Children’s author Mary E. Sandford’s middle grade novel Unwanted (Ambassador International) features a seventh grader who has been left in an orphanage, even though she’s not an orphan. In our exclusive interview, Mary explains what motivated her to write her protagonist’s story, what inspired the story itself, and shares her goals in telling it.
Tell us a little about Unwanted, and your protagonist, Debbie Spencer.
Unwanted tells the story of 12-year-old Debbie who is mostly an average girl in 1958. She’s been taught to put others first, love well, laugh often, and pray every day. But her life takes an unusual turn when she’s dumped in an orphanage even though she’s not an orphan.
Debbie learns how to cope in spite of her circumstances. Her story, Unwanted, proves that no matter how difficult things seem and there’s always hope.
What inspired your story?
When I was young, almost every time my mother pushed open a door on a public building in Chicago she would tell me “this door opens out because that school fire.” When I had children of my own, I found myself repeating her words.
The Our Lady of the Angels school fire took the lives of almost 100 children and changed fire safety codes across the country. So, when Debbie invaded my thinking with her story of longing for the perfect family, I knew I could write one story that tied the two ideas together.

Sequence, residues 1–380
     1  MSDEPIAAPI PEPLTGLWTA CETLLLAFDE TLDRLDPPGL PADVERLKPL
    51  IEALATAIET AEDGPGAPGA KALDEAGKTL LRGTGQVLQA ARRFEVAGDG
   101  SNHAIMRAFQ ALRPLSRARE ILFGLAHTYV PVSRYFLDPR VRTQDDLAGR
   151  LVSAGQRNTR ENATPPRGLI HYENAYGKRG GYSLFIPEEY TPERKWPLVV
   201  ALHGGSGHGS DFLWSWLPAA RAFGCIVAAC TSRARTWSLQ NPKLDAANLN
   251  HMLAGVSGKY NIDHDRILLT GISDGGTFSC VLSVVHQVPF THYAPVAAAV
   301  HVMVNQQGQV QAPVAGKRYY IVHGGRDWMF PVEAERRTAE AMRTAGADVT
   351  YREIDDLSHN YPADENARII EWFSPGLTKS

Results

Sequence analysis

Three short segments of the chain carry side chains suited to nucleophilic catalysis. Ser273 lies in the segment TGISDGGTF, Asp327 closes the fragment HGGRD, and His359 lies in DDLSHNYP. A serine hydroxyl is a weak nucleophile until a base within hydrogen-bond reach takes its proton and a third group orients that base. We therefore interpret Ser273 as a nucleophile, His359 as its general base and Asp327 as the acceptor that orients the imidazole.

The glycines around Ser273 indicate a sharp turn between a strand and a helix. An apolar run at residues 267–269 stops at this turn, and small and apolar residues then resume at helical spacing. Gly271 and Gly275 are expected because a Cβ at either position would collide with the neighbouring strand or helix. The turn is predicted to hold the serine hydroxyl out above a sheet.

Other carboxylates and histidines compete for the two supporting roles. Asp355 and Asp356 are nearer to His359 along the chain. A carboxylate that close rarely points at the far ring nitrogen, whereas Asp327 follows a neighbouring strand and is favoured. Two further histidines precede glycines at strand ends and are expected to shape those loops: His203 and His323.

What was your goal in telling this story?
I wanted to tell a story that would give readers hope. Hope and trusting God are like peanut butter and jelly—they fit together perfectly. The word “hope” is used many times in Unwanted because Debbie depended on hope whenever situations in her life were difficult.
When everything seemed to be hopeless Debbie said, “Because hope was for anyone. No matter where they lived.”
What did you find to be most challenging as you developed this story?
Researching the ‘50s was a lot of work. Some days I’d spend hours finding out what kind of hats and clothes a young man might wear during that time. So staying on track was a challenge.
What would you like your readers to take away after having read Unwanted?
I’d like readers to understand how different life was for kids in the ‘50s and yet Debbie’s desires and concerns were similar to what they experience. I hope that knowing Debbie and her story will encourage them to be better people.
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Mary E. Sandford
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